Ingestion and Absorption of Eucalypt Monoterpenes in the Specialist Feeder, the Koala (Phascolarctos cinereus)

  • Caroline MarschnerEmail author
  • Mark B. Krockenberger
  • Damien P. Higgins
  • Christopher Mitchell
  • Ben D. Moore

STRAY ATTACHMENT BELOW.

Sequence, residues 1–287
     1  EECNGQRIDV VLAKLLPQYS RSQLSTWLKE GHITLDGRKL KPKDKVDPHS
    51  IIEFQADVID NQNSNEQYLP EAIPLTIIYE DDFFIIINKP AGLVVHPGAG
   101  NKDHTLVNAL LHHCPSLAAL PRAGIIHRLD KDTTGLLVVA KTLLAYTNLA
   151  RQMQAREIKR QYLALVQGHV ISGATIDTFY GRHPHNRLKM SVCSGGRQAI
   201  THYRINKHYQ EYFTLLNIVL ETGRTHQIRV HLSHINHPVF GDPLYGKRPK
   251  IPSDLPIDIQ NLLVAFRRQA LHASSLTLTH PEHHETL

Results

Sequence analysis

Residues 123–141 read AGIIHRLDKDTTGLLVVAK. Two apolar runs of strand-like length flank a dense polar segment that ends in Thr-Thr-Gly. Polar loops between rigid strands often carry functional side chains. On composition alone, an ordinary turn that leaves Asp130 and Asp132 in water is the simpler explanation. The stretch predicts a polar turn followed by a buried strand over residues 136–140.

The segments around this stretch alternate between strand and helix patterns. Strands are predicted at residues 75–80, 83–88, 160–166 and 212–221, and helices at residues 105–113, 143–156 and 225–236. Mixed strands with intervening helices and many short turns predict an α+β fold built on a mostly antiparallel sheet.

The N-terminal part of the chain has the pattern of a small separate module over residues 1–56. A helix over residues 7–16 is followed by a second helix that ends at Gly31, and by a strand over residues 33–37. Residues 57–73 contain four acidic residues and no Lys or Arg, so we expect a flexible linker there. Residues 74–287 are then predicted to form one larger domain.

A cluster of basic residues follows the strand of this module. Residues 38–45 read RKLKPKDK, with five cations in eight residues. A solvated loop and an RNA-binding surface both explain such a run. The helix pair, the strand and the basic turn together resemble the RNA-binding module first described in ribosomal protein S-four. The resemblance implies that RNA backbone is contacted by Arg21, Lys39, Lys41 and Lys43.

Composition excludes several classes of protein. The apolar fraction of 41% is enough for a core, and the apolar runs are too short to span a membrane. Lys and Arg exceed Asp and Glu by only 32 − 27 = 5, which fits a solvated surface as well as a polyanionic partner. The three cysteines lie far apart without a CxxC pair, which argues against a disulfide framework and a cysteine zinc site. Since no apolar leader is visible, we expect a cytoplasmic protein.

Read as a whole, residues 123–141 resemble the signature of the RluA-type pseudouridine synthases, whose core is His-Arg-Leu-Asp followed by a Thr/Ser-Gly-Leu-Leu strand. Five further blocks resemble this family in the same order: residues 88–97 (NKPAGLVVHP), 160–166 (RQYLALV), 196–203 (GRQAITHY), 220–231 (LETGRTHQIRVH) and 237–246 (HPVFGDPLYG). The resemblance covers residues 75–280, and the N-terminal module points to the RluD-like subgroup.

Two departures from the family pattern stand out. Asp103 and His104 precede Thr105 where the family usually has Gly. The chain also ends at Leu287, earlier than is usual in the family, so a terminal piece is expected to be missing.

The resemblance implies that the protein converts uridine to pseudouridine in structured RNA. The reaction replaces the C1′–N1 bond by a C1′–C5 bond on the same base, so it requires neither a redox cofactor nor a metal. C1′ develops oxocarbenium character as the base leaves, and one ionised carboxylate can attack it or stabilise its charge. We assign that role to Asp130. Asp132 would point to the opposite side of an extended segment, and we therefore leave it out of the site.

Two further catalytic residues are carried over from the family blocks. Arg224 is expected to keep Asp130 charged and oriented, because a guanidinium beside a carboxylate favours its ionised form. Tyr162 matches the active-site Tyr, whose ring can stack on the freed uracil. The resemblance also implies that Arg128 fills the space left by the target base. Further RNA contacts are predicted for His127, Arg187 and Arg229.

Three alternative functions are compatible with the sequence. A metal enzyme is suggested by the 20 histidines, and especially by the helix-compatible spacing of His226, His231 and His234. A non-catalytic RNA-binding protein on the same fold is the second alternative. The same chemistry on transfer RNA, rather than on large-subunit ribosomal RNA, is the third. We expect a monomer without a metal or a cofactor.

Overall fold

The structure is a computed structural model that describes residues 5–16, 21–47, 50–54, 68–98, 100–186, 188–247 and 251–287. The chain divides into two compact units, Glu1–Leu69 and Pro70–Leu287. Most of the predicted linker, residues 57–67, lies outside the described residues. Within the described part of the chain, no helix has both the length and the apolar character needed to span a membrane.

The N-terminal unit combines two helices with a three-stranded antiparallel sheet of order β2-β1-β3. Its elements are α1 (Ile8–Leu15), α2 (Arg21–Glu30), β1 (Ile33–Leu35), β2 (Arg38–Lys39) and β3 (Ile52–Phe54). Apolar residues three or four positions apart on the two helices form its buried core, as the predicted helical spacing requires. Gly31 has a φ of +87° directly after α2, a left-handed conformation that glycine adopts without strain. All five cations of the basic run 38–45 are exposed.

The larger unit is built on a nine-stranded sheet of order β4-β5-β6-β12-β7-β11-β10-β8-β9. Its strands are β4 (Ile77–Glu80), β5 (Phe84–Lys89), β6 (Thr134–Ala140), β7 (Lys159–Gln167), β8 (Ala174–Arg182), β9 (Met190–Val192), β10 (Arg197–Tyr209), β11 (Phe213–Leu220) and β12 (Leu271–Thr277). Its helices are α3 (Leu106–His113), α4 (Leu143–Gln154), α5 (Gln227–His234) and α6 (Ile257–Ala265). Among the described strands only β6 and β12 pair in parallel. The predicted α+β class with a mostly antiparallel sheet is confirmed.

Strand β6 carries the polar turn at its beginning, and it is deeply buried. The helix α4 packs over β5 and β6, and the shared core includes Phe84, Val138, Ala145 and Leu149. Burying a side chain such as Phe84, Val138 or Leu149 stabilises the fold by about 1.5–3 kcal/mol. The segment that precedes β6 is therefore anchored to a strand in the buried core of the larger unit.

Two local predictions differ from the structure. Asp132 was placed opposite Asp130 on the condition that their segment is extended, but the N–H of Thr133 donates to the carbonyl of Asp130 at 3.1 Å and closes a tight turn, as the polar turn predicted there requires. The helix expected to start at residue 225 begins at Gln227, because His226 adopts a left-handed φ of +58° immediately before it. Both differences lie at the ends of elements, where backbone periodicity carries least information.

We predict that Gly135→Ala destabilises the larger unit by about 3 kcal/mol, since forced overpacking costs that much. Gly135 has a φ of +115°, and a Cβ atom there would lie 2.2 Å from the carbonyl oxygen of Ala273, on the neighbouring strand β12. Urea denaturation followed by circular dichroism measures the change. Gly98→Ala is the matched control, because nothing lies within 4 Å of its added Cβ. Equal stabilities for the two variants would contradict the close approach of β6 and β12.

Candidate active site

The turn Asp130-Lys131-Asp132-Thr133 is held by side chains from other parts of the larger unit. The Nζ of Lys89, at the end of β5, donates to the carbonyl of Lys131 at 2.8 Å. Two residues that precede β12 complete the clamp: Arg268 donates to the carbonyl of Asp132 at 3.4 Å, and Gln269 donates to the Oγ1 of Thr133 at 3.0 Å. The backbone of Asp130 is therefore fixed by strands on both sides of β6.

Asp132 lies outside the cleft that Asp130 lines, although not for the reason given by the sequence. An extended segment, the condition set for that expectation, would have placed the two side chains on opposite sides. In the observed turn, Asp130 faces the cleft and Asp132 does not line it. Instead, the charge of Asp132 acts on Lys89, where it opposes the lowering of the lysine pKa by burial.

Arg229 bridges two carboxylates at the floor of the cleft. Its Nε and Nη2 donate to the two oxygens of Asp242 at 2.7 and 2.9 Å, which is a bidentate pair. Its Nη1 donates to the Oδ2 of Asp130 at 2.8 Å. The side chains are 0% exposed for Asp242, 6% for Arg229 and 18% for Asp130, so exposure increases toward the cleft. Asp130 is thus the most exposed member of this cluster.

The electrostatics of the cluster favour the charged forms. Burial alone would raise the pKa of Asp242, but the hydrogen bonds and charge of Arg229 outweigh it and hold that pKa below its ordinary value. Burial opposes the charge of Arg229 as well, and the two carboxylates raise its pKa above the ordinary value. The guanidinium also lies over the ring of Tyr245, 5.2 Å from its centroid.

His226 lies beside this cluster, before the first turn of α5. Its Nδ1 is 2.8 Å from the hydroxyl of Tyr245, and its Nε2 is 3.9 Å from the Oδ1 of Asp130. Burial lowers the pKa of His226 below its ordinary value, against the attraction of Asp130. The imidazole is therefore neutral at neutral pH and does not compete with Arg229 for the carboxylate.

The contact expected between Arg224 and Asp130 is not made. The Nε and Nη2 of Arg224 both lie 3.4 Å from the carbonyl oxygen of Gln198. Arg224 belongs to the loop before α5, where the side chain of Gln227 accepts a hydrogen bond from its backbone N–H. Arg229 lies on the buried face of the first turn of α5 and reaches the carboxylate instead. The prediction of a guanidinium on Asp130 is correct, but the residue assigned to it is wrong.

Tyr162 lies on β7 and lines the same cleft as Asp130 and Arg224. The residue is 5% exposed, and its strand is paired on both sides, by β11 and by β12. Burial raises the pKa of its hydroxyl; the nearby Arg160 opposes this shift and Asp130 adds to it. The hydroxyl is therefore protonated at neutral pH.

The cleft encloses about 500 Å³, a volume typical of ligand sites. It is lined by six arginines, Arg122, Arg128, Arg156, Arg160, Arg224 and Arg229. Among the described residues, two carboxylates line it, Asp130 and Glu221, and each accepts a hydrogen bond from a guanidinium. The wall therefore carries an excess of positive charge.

The koala is a specialist feeder with a diet consisting almost exclusively of potentially toxic eucalypt leaves. Monoterpenes, an abundant class of plant secondary metabolites in eucalypts, are highly lipophilic. Chronic absorption and systemic exposure can be anticipated for the koala, causing health effects in various ways when consumed in high amounts, but particularly causing alterations in immune function in this species. Therefore, careful leaf selection, efficient detoxification pathways, and other specialist adaptations are required to protect animals from acute intoxication. This is the first paper providing insight into the systemic exposure of koalas to these compounds. Profiles of six selected major monoterpenes were investigated in the ingesta of deceased koalas from four different regions of NSW and South-East Queensland. Concentrations of the same compounds were measured in lymphoid tissues of deceased koalas and in the blood of live koalas from other regions of NSW. Analytical methods included liquid extraction and solid-phase micro-extraction, followed by gas-chromatography/ mass-spectrometry. Concentrations in the ingesta of individual animals vary remarkably, though the average proportions of individual monoterpenes in the ingesta of animals from the four different regions are highly comparable. Blood concentrations of the selected monoterpenes also varied considerably. The highest blood concentrations were found for 1,8-cineole, up to 971 ng/ml. There was similarity between circulating monoterpene profiles and ingesta profiles. Based on the observed lack of similarity between blood and lymph tissue concentrations, individual monoterpenes either exhibit different affinities for lymphatic tissue compared to blood or their accumulation in blood and lymph tissue differs temporally. In general, blood monoterpene concentrations found in koalas were low compared to those reported in other marsupial eucalypt feeders, but significant concentrations of monoterpenes were detected in all samples analysed. This data on blood and lymphatic tissue monoterpene concentrations builds the fundamental groundwork for future research into the effects of dietary monoterpenes on various biological processes of specialist herbivores and into the significance of these animals’ metabolic and behavioural strategies for coping with these compounds. We have shown that the systemic exposure of koalas to potentially anti-inflammatory eucalypt monoterpenes is continuous, and we provide data on physiological concentrations which will allow realistic future studies of the effects of monoterpenes on immune cell function.